ATEN Settles the Debate Over Cabling in the Data Center

Cascade or daisy chain?

Irvine, CA (September 21, 2004) -- ATEN Technology, Inc., maker of KVM (keyboard/video/mouse) and remote connectivity solutions to manage servers and other network devices, today addressed the debate over how to best optimize the cabling of KVM solutions in the data center -- cascading or daisy chaining.

"Data centers are continuing to expand and some bursting to capacity as new devices are added, security measurements taken and infrastructures swelling with new technologies," said Joseph Zhang, Product Manager at ATEN. "To better control these devices, the KVM switch has evolved into a truly empowering tool for network administrators."

According to Zhang, the real challenge is shrinking data center real estate and how to optimize cabling of the KVM solutions to address these space constraints. "There are two schools of thought on this cabling issue -- cascading and daisy chaining -- each with its own merits, but one being more efficient than the other."

Cascading KVM switches is a method of adding capacity to a KVM installation. It involves using a CPU port of the Parent KVM switch and connecting to a Child KVM switch. With numerous Child switches linked down from the Parent, the effect is reminiscent of the way water cascades down over a waterfall. Cascading can significantly increase the number of computers on an installation. However, the Parent switch loses one CPU port for each cascaded KVM switch that is added.

Daisy Chaining is a method of expanding the capacity of a KVM switch installation. The first daisy chained KVM switch is called the Master unit and each subsequent unit on the chain is referred to as slave. In a typical daisy chained installation, KVM switches are strung together similar to how one makes chains of daisy flowers by tying the head of one daisy to another.

"However, daisy chaining has several advantages over cascading," says Zhang. "Cascading loses one port every time you perform it. Plus, cascading gives network administrators cabling headaches with a messy cabling configuration since each child switch is connected to one port on the parent switch -- the more you cascade, the worse cable management."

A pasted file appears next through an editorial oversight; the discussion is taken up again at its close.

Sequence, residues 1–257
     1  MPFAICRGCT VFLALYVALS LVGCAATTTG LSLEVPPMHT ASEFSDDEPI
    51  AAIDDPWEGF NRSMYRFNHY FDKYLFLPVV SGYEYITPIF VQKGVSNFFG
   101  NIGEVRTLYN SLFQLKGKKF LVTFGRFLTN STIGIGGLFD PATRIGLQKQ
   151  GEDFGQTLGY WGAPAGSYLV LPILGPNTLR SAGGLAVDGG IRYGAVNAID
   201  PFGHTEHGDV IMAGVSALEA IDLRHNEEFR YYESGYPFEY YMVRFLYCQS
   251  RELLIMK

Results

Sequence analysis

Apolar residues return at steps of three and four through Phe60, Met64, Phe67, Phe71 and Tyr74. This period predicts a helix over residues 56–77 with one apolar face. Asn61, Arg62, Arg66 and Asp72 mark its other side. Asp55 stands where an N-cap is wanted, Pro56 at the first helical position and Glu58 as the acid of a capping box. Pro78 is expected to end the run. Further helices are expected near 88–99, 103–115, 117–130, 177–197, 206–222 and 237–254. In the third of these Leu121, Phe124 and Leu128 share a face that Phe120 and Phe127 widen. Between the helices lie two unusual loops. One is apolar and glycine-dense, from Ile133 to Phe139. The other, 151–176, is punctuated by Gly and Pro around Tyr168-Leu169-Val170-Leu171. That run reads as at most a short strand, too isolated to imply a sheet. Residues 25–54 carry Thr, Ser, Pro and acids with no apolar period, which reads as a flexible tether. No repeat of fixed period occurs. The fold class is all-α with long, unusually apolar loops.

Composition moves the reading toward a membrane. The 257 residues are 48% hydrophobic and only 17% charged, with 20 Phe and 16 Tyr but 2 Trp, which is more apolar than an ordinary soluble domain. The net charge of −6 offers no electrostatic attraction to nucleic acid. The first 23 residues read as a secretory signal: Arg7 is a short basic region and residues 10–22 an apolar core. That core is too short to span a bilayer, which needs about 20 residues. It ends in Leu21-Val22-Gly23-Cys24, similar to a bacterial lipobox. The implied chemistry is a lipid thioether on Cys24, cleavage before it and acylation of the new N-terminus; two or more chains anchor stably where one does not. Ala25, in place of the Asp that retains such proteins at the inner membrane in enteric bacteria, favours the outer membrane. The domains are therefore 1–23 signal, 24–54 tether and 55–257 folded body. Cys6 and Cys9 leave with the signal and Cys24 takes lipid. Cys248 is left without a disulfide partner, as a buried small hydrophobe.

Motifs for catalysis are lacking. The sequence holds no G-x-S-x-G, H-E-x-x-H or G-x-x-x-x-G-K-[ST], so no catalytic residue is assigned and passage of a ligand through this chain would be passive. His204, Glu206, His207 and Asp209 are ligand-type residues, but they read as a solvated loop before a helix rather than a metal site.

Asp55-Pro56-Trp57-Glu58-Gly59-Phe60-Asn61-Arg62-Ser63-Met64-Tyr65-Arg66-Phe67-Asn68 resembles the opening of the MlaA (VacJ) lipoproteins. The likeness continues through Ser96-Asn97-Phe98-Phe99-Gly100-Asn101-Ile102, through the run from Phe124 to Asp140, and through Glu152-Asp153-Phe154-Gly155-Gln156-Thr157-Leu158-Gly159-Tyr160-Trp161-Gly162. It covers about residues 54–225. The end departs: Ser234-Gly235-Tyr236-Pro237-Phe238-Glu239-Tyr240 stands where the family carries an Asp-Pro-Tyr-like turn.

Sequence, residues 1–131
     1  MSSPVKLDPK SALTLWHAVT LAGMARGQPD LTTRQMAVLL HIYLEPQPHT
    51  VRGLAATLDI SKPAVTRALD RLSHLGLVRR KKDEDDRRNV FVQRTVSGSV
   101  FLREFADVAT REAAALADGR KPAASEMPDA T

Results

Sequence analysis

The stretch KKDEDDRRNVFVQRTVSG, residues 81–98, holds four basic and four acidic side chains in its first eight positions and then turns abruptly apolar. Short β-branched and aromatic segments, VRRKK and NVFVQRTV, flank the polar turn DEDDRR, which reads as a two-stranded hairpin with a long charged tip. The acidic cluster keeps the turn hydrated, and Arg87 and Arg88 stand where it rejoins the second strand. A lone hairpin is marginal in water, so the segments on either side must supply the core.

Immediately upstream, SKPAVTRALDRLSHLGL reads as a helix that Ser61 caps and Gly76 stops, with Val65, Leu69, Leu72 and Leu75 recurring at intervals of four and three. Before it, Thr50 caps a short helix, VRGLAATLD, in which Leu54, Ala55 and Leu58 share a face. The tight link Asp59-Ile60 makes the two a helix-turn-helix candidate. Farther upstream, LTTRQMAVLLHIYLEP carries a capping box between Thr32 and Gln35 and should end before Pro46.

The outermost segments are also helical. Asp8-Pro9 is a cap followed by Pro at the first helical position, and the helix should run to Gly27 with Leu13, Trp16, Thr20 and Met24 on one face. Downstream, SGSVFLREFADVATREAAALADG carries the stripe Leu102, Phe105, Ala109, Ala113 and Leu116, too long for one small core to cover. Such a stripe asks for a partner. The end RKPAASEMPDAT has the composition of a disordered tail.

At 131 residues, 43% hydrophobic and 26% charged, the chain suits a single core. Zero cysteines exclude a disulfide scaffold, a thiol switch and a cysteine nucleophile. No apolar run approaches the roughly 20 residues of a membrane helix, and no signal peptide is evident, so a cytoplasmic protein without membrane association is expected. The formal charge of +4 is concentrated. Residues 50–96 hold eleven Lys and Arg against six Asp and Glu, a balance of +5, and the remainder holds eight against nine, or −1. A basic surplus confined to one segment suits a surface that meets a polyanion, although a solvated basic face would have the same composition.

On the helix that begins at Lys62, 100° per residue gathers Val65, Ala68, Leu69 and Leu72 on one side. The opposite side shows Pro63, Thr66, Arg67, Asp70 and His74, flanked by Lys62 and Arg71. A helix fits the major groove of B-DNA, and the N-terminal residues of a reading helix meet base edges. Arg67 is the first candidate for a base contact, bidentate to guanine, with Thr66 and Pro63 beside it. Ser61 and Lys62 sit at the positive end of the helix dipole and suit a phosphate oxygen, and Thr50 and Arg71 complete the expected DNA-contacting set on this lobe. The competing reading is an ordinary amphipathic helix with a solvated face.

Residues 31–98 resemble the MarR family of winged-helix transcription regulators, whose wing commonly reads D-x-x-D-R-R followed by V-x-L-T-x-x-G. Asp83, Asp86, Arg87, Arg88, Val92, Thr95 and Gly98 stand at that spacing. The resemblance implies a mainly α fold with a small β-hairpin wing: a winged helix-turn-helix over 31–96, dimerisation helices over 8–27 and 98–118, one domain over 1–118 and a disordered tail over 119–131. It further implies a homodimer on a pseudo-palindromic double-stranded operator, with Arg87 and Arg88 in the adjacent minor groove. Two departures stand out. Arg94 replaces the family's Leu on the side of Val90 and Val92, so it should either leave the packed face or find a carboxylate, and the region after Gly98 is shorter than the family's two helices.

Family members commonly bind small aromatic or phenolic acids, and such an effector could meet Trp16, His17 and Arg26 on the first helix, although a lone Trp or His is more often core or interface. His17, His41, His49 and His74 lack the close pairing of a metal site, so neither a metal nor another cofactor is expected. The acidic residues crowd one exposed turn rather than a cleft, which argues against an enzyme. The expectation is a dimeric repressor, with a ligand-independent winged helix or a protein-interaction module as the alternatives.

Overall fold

The following are key reasons for the superiority of daisy chaining over cascading:

  1. No Port Loss: Cascading loses one port every time you perform it. For instance, if a network administrator cascades an 8-port KVM to another 8-port KVM, there are only 15 ports total (8+8-1) -- daisy chaining offers 16 ports total under this configuration.

  2. Neater Cable Management: Typically, daisy-chain ports are located on the same side of the KVM switch and are connected by dedicated daisy chain cables. This allows cleaner cable management, whereas cascading causes cable clutter.

  3. Simple Troubleshooting: If there are issues with a malfunctioning device in the data center, the messiness of cascaded cables can cause a troubleshooting nightmare to diagnose the problem.

"For enterprise-level data centers with high-port installations, daisy chaining is the model of efficiency," concludes Zhang. "If network administrators still want to use cascading, then it should be reserved primarily for only low port connections such as two or four ports."

ATEN offers a full line of affordable, channel-ready KVM solutions and remote access devices that are backed by one of the industry's only three-year warranty programs. The company recently announced its Matrix KVM solutions that links 32 users and controls up to 4096 computers, as well as the new CN6000 KVM on the Net solution that delivers 24/7 "instant access" over the Internet to servers and other network devices.

About ATEN Technology, Inc.

ATEN Technology, Inc. is an innovator of high-quality KVM (keyboard/video/mouse) and remote connectivity solutions to manage servers and other network devices. The company also offers a broad range of data communication products that can expand peripheral sharing ability, extend the distance between computers and peripherals, or convert one type of data signal into another. For more information, contact ATEN at (888) 999-ATEN or 949-428-1111, or via the Web at